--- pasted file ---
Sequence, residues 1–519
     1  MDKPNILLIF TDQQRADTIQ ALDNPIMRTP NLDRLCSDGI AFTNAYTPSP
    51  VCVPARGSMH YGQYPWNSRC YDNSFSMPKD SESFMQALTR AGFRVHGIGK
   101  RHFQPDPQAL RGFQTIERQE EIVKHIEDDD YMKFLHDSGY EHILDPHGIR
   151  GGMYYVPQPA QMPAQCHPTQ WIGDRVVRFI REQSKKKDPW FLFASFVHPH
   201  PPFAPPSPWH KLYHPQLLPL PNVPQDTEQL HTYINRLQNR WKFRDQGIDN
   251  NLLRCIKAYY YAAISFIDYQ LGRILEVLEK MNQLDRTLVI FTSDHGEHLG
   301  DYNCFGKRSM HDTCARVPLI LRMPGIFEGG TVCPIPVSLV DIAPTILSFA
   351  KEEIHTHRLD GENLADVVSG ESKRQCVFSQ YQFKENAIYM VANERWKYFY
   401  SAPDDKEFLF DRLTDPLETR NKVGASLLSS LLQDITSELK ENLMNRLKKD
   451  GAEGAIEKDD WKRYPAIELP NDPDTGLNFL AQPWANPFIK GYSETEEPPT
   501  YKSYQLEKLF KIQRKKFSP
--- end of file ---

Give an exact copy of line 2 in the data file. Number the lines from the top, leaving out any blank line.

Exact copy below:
     1  MDKPNILLIF TDQQRADTIQ ALDNPIMRTP NLDRLCSDGI AFTNAYTPSP